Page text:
in order to ascertain how
publics view an issue.

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8.4 Chapter Summary

In this chapter, we examined the vital role of research in public relations


management, both in making the function strategic and in adding to its credibility
as a management function. Because research comprises such a large part of the
public relations processthree of the four steps in the strategic management
processwe discussed the purposes and forms of commonly used research in public
relations. The roles of formal and informal research were discussed, as well as the
major approaches to research: quantitative (numerically based) and qualitative (in-
depth based) as well as the types of types of data collection commonly used in
public relations in the mixing of methods.

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Public relations works best when it is a strategic management function. Strategic
public relations is focused on achieving goals and objectives that contribute to the
overall purpose and mission of an organization. To be strategic, public relations
practitioners need accurate information about the situations they face, the
audiences they communicate with, effectiveness of their communication efforts,
and the overall impact the program has on building and maintaining relationships
with critical stakeholders, without whom the organization could not fulfill its
purpose. Public relations practitioners may be tempted to start with tacticssuch
as press releases, a blog, an event, and so onbut these first should be determined
by research, to help inform the overall goals and strategies of the function,
otherwise they may be wasted efforts.

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9.1 Constructing the Strategic Plan for a Public Relations Campaign

This process is primarily composed of four steps: using research to define the
problem or situation, developing objectives and strategies that address the
situation, implementing the strategies, and then measuring the results of the public
relations efforts. Sometimes acronyms, such as John Marstons RACE (research,
action planning, communication, evaluation) or Jerry Hendrixs ROPE (research,
objectives, programming, evaluation) are used to describe the process.Marston
(1979). Youll notice that that the process always starts with research and ends with
evaluation.

Although it is easier to remember such acronyms, the four steps are essentially the
following:

1. Use research to analyze the situation facing the organization and to


accurately define the problem or opportunity in such a way that the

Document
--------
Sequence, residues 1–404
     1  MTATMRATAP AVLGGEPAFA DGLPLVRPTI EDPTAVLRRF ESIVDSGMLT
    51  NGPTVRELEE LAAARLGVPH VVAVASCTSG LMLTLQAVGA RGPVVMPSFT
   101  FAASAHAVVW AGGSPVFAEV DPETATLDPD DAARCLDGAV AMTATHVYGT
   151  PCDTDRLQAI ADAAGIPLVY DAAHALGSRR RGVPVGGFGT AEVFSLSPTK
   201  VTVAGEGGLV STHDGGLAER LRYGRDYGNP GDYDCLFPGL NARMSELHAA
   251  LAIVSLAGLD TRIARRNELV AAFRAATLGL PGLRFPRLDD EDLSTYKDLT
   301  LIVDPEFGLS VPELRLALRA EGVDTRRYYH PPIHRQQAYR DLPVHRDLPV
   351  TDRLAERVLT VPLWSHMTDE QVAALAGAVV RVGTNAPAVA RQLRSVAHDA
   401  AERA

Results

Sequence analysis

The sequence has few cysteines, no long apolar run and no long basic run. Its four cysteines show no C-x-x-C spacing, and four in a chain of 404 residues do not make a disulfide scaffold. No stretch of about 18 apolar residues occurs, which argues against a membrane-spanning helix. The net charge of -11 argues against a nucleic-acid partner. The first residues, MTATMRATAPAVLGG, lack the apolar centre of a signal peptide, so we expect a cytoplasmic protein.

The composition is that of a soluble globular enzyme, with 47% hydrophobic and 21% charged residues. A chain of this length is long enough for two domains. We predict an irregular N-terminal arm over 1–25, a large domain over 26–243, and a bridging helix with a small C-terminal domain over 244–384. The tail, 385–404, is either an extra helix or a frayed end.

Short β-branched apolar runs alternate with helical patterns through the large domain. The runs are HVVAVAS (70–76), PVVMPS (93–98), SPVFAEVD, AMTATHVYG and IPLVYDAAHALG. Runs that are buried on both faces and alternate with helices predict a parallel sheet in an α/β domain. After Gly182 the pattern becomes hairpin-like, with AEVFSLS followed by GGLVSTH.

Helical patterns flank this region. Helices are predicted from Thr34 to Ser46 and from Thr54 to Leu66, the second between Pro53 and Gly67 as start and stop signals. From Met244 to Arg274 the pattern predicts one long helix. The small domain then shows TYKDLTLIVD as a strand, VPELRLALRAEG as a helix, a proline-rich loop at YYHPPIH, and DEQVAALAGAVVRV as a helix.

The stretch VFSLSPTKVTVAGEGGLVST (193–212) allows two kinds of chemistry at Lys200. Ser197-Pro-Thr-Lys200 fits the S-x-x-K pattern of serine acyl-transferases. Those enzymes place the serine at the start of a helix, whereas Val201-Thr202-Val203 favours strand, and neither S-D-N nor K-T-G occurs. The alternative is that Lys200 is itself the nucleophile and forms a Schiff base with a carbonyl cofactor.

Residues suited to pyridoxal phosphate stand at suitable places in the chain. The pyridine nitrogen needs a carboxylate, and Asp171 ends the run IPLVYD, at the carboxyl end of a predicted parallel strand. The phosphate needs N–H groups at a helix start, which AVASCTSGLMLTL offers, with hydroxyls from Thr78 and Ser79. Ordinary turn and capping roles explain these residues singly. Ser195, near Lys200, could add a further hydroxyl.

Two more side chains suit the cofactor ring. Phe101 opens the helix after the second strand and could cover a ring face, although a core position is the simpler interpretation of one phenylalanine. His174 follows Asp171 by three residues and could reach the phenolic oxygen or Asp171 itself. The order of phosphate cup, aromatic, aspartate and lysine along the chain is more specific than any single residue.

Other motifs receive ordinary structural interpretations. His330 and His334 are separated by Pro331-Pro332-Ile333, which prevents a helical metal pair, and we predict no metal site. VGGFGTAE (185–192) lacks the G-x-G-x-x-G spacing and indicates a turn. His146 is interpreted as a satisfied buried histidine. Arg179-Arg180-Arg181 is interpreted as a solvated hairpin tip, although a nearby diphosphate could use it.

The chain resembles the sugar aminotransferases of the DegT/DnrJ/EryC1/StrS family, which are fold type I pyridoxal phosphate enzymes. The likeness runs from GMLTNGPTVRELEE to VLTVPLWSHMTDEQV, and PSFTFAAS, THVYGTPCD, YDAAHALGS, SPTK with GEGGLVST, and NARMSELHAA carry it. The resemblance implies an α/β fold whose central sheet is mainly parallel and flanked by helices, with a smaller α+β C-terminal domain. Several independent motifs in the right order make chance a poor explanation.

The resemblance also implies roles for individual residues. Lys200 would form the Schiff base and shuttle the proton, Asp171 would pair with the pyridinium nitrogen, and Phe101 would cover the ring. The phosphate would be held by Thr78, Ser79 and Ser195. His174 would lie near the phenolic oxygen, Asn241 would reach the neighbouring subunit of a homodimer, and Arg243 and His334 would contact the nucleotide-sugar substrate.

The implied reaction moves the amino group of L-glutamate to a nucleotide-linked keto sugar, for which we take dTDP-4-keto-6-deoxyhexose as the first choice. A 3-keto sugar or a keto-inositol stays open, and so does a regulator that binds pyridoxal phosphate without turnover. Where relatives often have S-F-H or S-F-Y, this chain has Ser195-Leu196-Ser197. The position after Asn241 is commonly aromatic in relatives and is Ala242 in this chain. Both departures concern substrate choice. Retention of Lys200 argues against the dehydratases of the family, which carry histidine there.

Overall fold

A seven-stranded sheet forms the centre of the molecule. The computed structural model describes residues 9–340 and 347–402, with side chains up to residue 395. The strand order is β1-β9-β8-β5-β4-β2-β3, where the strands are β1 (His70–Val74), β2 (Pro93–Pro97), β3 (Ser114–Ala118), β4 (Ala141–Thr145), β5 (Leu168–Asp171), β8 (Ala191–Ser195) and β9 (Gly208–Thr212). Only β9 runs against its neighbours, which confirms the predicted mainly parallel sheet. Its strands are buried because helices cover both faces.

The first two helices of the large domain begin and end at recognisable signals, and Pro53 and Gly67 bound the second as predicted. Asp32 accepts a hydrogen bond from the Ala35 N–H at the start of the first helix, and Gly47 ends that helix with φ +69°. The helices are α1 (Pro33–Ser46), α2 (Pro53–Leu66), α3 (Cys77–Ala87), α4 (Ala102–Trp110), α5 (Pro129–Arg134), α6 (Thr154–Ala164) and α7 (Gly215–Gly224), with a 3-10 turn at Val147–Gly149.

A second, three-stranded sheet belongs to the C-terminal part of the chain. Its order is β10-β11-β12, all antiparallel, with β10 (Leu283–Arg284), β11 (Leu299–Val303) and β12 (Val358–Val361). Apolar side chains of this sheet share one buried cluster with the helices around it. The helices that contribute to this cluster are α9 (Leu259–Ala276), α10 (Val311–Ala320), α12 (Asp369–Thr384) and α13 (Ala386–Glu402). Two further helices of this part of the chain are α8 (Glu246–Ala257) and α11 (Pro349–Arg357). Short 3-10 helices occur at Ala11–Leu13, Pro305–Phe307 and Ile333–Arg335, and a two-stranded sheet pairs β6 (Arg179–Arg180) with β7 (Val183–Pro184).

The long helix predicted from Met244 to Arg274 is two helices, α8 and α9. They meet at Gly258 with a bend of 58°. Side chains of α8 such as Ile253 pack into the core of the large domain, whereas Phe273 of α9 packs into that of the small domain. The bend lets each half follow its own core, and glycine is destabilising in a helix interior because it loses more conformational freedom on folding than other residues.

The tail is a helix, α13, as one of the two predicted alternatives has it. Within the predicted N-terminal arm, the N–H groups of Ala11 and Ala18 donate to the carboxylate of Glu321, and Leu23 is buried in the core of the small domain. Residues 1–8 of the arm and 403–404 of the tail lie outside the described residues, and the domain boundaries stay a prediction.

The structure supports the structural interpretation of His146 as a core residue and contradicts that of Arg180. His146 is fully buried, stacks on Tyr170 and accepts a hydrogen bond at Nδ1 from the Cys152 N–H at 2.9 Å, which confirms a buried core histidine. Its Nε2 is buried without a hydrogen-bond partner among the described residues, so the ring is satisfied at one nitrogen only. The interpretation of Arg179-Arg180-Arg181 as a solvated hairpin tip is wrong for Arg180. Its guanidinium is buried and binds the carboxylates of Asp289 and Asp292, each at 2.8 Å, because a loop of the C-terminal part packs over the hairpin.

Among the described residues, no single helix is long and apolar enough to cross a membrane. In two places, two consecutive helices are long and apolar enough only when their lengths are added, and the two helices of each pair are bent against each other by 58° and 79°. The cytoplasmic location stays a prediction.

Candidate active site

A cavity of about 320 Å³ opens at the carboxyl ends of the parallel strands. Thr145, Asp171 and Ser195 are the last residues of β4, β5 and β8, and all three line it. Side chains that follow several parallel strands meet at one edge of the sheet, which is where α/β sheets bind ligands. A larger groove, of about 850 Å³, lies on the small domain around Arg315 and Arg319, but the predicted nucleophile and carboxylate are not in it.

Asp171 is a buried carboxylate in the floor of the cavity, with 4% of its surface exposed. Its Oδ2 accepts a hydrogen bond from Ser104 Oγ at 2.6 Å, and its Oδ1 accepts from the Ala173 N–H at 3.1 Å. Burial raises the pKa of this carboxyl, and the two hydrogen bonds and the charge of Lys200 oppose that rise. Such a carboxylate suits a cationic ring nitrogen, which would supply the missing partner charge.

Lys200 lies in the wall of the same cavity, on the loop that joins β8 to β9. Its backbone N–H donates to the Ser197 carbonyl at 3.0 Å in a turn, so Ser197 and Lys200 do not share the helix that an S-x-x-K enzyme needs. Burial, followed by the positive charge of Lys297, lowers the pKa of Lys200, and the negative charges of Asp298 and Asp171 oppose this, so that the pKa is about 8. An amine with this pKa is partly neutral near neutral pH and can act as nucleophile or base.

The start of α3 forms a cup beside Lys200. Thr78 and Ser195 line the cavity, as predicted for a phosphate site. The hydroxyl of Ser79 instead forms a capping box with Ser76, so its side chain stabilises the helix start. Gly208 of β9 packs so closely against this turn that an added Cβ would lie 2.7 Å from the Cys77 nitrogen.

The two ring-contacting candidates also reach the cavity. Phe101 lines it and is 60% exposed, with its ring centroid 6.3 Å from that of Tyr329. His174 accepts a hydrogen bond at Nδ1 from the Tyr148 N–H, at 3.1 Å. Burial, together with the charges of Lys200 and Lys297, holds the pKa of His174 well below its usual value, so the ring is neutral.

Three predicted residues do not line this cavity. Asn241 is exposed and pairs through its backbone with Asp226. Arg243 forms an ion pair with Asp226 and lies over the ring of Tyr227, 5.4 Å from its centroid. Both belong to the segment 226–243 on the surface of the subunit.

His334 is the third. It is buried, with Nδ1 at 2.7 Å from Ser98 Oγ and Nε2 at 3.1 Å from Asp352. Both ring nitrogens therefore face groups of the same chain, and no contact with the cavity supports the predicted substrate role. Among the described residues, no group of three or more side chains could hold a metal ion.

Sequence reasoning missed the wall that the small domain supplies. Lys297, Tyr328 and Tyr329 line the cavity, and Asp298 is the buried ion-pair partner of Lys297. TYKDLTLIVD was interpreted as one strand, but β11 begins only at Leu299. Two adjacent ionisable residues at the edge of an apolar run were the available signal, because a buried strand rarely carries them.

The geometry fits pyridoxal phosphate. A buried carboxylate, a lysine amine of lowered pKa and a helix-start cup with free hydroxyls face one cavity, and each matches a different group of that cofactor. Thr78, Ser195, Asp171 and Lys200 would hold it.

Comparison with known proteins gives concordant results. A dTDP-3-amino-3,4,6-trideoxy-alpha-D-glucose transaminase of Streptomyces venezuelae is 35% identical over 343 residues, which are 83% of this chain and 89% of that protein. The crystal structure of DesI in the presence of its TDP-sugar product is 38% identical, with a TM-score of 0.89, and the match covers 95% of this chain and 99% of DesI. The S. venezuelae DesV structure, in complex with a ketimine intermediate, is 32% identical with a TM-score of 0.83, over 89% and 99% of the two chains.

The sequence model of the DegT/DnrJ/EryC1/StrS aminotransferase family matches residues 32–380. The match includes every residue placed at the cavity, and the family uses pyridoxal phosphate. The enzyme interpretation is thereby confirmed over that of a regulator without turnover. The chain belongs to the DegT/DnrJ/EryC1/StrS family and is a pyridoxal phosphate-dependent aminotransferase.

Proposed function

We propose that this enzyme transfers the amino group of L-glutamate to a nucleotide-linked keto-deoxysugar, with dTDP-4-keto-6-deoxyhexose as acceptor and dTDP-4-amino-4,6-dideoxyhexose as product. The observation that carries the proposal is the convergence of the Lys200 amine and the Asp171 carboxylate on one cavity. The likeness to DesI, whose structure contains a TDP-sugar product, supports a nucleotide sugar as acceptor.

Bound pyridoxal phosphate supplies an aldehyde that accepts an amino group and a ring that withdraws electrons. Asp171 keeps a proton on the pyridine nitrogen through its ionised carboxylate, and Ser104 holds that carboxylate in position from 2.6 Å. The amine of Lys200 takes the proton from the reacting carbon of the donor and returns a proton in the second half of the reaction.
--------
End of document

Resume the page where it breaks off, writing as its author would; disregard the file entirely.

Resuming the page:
public relations efforts can successfully address the cause of the issue
and not just its symptoms.
2. Develop a strategic action plan that addresses the issue that was
analyzed in the first step. This includes having an overall goal,
measurable objectives, clearly identified publics, targeted strategies,
and effective tactics.
3. Execute the plan with communication tools and tasks that contribute to
reaching the objectives.
4. Measure whether you were successful in meeting the goals using
evaluation tools.

Step 1: Formative Research to Analyze the Situation

The first step in the process is analyzing the problem or opportunity. This involves
research, either formal or informal, to gather information that best describes what
is going on. Research used to understand the situation and help formulate
strategies is called formative research.

For example, a natural gas company may be considering the route for a new
pipeline. It must conduct research to understand what possible obstacles it might
face. Are there any environmentally protected or sensitive regions in the area? Are
there strongly organized neighborhood groups that might oppose the project?
What is the overall public support for natural gas and transportation pipelines?
Community relations professionals are very familiar with the NIMBY (Not In My

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Back Yard) sentiment. Additionally, are there acceptable alternatives to the


pipeline construction? Alternative routes? Alternative drilling procedures?
Alternative construction times? All of these questions should be considered before
the first shovel breaks ground.

According to Cutlip, Center, and Broom, research is the systematic gathering of


information to describe and understand situations and check out assumptions
about publics and public relations consequences.Cutlip, Center, and Broom (2006).
Much of this information may already exist and may have been collected by other
agencies. Research that has previously been conducted is called secondary
research. For example, the Interstate Natural Gas Association of America has
conducted surveys on public opinion and communication practices of pipeline
companies. Research on NIMBY and other social behaviors is also available through
a review of academic and professional literature. Secondary sources are the least
expensive way to gain background knowledge.

However, you may need to conduct primary research or data you collect yourself
for your purposes. You may need to conduct interviews or focus groups with
neighborhood associations or environmental groups. You might consider surveys
with homeowners and business that might be located near the pipeline (see Chapter
8 "Public Relations Research: The Key to Strategy"). There are many different